Marilyn Minter:Green Pink Cavier
Green Pink Caviar (Trailer) 2009, HD digital Video
Marilyn Minter continues her interest in blurring the boundaries between fine and commercial art. Co-opting advertising genres and related spaces, she mines a new platform to direct her first video. The eight-minute high-definition video, Green Pink Caviar (2009) is a lush and sensual voyeuristic hallucination. Filmed with macro lenses, she captures the most minute movements of female mouths licking candy and cake decoration. Driven by her fascination with the body, Minter’s film sets the stage for a chance to happen.
Full-length version 7:45 minutes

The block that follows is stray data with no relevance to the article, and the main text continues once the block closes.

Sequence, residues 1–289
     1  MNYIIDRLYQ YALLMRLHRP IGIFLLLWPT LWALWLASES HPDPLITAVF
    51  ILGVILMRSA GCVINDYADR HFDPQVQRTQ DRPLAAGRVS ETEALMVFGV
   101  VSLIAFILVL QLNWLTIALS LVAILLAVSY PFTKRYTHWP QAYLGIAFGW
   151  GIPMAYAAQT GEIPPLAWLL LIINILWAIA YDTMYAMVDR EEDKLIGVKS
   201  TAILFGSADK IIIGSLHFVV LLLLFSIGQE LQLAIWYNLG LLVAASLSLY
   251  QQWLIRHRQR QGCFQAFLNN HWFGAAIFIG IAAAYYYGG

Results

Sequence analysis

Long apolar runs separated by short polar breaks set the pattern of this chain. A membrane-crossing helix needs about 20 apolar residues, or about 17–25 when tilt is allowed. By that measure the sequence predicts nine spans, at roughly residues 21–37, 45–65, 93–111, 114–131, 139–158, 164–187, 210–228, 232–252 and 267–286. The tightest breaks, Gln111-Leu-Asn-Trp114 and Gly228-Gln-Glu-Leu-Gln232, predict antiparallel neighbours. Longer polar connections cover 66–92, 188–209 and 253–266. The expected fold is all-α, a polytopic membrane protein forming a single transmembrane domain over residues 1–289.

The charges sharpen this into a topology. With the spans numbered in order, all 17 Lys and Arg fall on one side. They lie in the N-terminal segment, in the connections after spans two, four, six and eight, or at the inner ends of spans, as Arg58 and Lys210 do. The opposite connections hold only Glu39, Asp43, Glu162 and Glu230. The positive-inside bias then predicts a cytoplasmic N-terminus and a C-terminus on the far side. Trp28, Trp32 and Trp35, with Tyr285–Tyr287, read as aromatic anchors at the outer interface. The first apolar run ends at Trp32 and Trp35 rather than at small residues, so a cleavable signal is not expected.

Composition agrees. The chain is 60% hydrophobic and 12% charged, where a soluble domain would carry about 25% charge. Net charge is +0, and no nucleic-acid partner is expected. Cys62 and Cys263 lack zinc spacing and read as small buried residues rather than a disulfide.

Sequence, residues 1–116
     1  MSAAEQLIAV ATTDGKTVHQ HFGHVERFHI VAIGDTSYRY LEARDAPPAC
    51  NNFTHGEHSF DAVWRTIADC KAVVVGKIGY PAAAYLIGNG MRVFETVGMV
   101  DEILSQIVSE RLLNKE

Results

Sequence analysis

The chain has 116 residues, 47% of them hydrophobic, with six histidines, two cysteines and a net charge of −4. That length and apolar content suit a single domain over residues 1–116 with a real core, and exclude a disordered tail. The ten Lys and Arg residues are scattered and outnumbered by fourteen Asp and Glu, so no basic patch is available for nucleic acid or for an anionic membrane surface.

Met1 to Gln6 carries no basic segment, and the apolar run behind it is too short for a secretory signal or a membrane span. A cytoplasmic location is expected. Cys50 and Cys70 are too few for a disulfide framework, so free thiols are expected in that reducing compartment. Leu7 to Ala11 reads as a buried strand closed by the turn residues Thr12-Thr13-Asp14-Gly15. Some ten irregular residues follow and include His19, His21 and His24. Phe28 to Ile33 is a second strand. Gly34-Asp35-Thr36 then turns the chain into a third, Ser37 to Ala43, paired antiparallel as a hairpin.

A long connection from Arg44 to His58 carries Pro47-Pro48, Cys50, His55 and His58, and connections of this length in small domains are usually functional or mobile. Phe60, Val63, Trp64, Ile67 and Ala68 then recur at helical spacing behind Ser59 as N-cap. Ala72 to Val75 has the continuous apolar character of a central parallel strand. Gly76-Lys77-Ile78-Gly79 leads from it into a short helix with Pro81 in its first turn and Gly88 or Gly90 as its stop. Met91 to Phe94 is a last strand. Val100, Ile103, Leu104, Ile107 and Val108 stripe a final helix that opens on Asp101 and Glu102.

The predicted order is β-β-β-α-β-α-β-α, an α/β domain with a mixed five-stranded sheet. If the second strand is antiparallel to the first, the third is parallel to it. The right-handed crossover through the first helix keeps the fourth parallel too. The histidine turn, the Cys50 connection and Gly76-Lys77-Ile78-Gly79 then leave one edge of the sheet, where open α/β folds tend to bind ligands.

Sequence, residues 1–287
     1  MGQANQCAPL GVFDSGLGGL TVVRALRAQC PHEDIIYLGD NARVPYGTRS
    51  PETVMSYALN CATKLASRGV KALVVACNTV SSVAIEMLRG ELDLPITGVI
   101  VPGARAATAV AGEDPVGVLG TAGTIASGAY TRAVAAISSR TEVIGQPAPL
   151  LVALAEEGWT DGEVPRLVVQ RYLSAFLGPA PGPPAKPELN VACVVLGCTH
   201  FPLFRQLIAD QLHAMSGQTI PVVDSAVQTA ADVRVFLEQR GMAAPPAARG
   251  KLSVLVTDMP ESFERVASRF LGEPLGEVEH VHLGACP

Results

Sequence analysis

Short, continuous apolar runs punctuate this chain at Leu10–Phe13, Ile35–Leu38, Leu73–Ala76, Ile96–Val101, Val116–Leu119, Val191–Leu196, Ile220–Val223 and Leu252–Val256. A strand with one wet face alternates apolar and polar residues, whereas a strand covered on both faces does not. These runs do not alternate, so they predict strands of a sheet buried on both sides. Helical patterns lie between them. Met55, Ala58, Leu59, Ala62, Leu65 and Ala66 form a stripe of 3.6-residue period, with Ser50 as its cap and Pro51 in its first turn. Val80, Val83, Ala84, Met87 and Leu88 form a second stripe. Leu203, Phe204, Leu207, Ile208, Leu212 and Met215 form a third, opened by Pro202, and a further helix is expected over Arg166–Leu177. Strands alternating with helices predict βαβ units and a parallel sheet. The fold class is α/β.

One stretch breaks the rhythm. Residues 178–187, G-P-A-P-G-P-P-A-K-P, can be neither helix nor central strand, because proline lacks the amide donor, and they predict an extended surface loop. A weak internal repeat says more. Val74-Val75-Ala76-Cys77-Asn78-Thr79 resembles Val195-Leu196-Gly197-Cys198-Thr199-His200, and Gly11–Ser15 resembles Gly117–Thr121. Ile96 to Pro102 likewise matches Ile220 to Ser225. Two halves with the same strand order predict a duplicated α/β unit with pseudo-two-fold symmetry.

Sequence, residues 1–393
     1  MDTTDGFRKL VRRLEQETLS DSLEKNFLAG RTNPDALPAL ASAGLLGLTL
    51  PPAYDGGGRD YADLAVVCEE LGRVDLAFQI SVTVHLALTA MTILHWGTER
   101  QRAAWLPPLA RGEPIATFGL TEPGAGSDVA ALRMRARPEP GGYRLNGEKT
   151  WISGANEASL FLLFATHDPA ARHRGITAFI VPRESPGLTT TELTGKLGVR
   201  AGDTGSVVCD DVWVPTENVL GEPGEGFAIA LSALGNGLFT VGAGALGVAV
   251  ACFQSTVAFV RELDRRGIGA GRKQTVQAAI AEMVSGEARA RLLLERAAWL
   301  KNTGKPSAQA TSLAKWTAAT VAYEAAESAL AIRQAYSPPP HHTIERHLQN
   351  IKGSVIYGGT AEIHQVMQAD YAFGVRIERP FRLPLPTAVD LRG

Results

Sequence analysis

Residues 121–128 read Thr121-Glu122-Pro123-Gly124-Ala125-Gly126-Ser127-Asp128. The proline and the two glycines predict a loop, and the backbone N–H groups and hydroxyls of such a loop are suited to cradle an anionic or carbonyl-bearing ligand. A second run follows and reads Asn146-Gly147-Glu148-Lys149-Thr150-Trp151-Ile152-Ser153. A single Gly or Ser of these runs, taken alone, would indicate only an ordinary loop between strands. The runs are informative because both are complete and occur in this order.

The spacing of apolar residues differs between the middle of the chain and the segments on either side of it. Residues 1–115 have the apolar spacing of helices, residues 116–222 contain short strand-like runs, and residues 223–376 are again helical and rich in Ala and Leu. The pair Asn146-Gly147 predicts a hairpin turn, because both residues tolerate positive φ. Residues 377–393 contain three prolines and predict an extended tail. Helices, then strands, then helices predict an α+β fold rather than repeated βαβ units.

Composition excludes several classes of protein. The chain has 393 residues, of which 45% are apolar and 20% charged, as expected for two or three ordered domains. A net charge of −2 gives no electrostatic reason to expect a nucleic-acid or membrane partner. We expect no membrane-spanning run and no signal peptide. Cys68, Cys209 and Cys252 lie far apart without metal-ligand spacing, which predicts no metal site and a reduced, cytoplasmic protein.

"Drawing on my experiences of years spent as a practitioner of land-based rituals, this work is my co-creation with environments in Iceland, Peru, Mexico, Costa Rica, and rural parts of the United States. My performance "creatures" are emissaries or conduits that showcase a more-than-human relationship with the world and model the self as a set of relations--earth-based, cosmic, transpecies, techno-cultural, and fluid. My process tends to involve camouflaging my body; merging with or dissolving into a place or space--perhaps becoming more like an animal or plant, as a way of intercepting lost power and destabilizing static notions of the “female” body and of the natural realm. The drawings/paintings reveal aspects of nonvisible, incorporeal realms and also serve as oracular blueprints for performances.